The Anthropocene Project. An Encyclopedia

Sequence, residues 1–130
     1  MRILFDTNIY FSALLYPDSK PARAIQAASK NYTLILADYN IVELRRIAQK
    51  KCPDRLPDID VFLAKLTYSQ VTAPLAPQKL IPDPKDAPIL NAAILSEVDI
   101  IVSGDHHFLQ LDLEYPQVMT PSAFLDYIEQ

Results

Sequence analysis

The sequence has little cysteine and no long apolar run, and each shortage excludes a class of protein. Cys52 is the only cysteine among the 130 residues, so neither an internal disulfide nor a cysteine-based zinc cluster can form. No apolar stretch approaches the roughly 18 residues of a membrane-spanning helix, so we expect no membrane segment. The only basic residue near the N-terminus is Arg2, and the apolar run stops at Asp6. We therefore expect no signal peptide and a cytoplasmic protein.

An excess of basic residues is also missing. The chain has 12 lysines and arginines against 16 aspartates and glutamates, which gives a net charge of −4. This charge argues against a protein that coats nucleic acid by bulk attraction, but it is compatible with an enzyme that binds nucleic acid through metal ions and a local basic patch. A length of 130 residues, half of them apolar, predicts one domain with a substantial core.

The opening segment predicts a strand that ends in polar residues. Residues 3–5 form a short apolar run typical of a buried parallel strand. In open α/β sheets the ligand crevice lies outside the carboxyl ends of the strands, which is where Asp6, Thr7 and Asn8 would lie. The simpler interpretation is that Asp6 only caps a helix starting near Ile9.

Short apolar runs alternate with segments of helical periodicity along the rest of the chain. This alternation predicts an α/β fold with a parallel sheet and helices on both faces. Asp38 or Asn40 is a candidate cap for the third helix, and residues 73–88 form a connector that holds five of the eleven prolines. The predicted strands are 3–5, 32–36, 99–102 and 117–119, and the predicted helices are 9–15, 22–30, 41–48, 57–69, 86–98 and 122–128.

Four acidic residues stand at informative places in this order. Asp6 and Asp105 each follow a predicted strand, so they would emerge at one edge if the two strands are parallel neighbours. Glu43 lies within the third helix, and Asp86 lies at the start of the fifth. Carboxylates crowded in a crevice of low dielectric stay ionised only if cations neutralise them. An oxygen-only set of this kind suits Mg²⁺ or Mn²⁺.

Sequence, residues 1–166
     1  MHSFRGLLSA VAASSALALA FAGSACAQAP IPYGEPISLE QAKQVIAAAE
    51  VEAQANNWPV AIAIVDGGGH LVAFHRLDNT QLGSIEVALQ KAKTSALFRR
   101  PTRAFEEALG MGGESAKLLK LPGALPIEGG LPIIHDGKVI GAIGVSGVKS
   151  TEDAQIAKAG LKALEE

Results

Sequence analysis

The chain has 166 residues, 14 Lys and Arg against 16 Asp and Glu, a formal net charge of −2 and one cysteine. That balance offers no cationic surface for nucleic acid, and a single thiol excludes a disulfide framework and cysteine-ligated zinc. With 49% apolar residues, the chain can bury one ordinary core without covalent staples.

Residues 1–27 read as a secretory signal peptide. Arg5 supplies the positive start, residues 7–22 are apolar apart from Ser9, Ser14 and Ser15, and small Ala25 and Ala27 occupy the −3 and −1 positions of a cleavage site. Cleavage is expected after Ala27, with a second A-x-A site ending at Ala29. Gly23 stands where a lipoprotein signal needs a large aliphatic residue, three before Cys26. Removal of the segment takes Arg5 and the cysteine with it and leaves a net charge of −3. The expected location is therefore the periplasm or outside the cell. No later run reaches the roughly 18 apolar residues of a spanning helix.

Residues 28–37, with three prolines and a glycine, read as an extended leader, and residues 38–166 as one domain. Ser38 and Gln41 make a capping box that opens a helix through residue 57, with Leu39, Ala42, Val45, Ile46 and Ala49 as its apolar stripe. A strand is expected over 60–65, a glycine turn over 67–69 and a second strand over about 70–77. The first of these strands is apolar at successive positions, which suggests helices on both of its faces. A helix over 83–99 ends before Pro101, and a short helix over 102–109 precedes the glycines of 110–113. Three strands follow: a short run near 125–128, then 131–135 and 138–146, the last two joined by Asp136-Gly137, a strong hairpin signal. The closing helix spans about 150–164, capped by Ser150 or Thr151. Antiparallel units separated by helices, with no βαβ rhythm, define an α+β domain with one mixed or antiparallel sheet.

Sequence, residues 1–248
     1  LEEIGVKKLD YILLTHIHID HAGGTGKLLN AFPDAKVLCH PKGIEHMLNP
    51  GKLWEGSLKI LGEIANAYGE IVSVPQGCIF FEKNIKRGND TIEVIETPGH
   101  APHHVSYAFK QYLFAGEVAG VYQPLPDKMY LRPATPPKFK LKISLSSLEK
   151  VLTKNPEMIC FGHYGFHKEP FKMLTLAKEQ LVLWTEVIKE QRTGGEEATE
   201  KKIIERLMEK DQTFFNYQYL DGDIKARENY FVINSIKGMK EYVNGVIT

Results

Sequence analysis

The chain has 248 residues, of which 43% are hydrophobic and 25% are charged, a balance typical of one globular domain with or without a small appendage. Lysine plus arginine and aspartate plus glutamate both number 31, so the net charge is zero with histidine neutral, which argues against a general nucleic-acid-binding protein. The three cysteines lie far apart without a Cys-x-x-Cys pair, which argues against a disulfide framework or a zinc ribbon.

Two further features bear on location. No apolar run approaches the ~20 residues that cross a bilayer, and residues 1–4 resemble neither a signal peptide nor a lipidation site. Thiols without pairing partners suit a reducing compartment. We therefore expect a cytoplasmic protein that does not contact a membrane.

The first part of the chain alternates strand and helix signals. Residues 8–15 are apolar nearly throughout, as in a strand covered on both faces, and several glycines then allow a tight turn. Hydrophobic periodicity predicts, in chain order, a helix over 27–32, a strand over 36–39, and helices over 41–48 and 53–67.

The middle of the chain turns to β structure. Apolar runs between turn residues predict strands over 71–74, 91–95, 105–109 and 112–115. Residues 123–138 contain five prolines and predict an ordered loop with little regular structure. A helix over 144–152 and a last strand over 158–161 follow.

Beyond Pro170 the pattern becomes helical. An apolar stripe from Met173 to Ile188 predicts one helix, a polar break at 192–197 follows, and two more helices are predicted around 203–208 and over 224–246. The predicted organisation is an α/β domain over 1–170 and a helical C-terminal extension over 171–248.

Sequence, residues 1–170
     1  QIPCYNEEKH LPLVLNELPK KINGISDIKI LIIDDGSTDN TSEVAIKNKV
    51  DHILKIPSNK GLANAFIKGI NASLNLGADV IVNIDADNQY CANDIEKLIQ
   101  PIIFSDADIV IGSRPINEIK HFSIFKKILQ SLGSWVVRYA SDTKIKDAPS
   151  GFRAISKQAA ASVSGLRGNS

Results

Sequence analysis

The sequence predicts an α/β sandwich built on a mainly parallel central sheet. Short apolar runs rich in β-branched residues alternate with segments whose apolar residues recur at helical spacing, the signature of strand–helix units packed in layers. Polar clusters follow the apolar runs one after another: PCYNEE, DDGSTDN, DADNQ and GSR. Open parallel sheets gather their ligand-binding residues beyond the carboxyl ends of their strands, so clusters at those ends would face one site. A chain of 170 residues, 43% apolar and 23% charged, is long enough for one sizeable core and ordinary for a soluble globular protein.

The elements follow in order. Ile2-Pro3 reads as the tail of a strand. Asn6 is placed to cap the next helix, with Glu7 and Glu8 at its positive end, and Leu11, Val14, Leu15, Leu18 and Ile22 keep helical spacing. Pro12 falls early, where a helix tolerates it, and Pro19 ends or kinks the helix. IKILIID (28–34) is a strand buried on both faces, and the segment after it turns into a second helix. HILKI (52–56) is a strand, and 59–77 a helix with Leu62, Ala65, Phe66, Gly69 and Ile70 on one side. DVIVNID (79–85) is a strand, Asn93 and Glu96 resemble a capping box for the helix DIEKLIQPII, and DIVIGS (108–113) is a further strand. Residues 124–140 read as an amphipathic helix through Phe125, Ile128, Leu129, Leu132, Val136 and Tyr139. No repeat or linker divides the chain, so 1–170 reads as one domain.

When natural scientists speak of cosmology, it is likely that they mean the universe and speak of matter: the planets, the stars, space travel, the possibility of other life forms in outer space, facts that await exploration. When ethnologists speak of cosmology, they are probably speaking about concepts: human-made notions about the emergence of the universe and notions of good and evil. Social, moral, religious, but also aesthetic views that define a community of belief, be it Maya, Catholic, or the belief system of the natural sciences. One side sees hard facts, the other social facts. What does this mean for academic conversations in the framework of the Anthropocene? The natural sciences might be able to establish the problem of the Anthropocene rationally, but what if their cosmology knows of no ready solution or meets its limitations? Maybe an entirely new cosmology is required, new disciplines and new curricula that think together the hard and the soft, and perhaps, somewhat beyond that as well.